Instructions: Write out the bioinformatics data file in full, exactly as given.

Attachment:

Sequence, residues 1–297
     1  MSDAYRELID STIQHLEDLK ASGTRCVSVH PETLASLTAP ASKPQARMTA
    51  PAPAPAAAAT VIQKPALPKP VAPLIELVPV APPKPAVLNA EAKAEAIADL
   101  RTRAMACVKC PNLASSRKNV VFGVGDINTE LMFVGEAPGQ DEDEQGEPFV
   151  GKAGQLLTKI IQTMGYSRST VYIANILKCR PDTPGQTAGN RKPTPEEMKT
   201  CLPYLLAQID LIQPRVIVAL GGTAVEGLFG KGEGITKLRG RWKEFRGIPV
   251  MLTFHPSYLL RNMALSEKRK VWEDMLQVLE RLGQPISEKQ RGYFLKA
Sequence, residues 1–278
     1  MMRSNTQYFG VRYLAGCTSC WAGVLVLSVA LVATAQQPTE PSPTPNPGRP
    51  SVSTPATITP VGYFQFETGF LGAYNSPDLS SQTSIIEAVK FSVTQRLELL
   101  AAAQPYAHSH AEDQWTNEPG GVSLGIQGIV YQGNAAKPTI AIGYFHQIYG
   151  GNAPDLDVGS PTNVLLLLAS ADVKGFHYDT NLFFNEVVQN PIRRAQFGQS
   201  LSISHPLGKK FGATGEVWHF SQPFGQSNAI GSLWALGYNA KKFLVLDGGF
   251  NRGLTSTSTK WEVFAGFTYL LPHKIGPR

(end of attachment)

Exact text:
Sequence, residues 1–297
     1  MSDAYRELID STIQHLEDLK ASGTRCVSVH PETLASLTAP ASKPQARMTA
    51  PAPAPAAAAT VIQKPALPKP VAPLIELVPV APPKPAVLNA EAKAEAIADL
   101  RTRAMACVKC PNLASSRKNV VFGVGDINTE LMFVGEAPGQ DEDEQGEPFV
   151  GKAGQLLTKI IQTMGYSRST VYIANILKCR PDTPGQTAGN RKPTPEEMKT
   201  CLPYLLAQID LIQPRVIVAL GGTAVEGLFG KGEGITKLRG RWKEFRGIPV
   251  MLTFHPSYLL RNMALSEKRK VWEDMLQVLE RLGQPISEKQ RGYFLKA
Sequence, residues 1–278
     1  MMRSNTQYFG VRYLAGCTSC WAGVLVLSVA LVATAQQPTE PSPTPNPGRP
    51  SVSTPATITP VGYFQFETGF LGAYNSPDLS SQTSIIEAVK FSVTQRLELL
   101  AAAQPYAHSH AEDQWTNEPG GVSLGIQGIV YQGNAAKPTI AIGYFHQIYG
   151  GNAPDLDVGS PTNVLLLLAS ADVKGFHYDT NLFFNEVVQN PIRRAQFGQS
   201  LSISHPLGKK FGATGEVWHF SQPFGQSNAI GSLWALGYNA KKFLVLDGGF
   251  NRGLTSTSTK WEVFAGFTYL LPHKIGPR